Comart was the computer system group that took over the Byte Shop/Computerland chain when it had financial difficulties in the late 70s. They were a large company distributing North Star systems, and similar equipments. The Communicator was their first effort in distributing a British-made system.
The Communicator is a S-100 bus system based around a main chassis with a 10-slot-mother-board. The system had 64 KB of RAM and came with three variations of dual floppy disk drives.
Several S-100 boards were available. They offered Viewdata/Prestel capabilities, or 18.7 MB hard disk, with 13.4 MB cartridge backup.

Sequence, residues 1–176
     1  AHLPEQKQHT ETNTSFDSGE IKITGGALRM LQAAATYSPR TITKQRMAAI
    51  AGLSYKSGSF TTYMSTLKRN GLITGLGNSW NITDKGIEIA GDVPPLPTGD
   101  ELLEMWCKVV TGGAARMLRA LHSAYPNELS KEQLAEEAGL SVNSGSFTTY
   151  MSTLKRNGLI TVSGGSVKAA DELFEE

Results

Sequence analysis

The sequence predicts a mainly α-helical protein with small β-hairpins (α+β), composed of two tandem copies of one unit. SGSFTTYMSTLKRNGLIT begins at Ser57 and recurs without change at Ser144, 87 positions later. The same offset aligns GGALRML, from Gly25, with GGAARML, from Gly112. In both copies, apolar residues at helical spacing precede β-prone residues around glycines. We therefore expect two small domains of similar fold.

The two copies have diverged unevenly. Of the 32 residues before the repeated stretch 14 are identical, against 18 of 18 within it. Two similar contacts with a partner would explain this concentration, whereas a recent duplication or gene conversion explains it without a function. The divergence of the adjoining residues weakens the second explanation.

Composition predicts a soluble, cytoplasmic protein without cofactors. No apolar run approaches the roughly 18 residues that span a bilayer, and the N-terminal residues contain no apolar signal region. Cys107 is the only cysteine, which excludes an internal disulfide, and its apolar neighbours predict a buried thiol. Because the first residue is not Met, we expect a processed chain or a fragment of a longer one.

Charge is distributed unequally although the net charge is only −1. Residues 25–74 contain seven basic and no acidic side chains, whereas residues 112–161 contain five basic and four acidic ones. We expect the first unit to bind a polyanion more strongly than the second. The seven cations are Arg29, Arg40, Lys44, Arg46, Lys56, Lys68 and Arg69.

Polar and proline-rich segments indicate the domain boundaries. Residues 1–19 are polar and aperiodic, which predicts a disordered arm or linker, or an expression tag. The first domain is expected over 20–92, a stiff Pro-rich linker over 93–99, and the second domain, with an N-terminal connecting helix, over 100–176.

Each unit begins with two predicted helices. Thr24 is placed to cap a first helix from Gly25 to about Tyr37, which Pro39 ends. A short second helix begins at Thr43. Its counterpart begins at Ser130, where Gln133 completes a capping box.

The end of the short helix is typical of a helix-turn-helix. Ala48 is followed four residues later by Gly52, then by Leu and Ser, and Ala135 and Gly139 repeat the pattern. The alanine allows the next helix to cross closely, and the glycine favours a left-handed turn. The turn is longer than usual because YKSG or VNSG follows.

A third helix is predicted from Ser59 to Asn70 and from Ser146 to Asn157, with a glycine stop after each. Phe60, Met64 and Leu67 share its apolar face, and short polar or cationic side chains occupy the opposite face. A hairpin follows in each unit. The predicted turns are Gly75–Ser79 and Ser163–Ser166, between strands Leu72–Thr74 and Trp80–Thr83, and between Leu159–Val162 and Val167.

The system ran CP/M operating system. A smaller system called the Educator, with networking facilities, was also available.
Chris Coggins adds:
The Communicator was upgraded over several years until the Communicator was given multi-user capability by running MP/M80 but finished off running Intel 386 processors with 512 KB RAM running CCP/M86. Hard disk had grown to 40MB Rodime drive.
David Broad sold Comart to Kode International and 2 years later it lefts it's Cambridgeshire factory and moved to Swindon. The Company went downhill, dropped the S-100 bus to use standard PC architecture but eventually closed.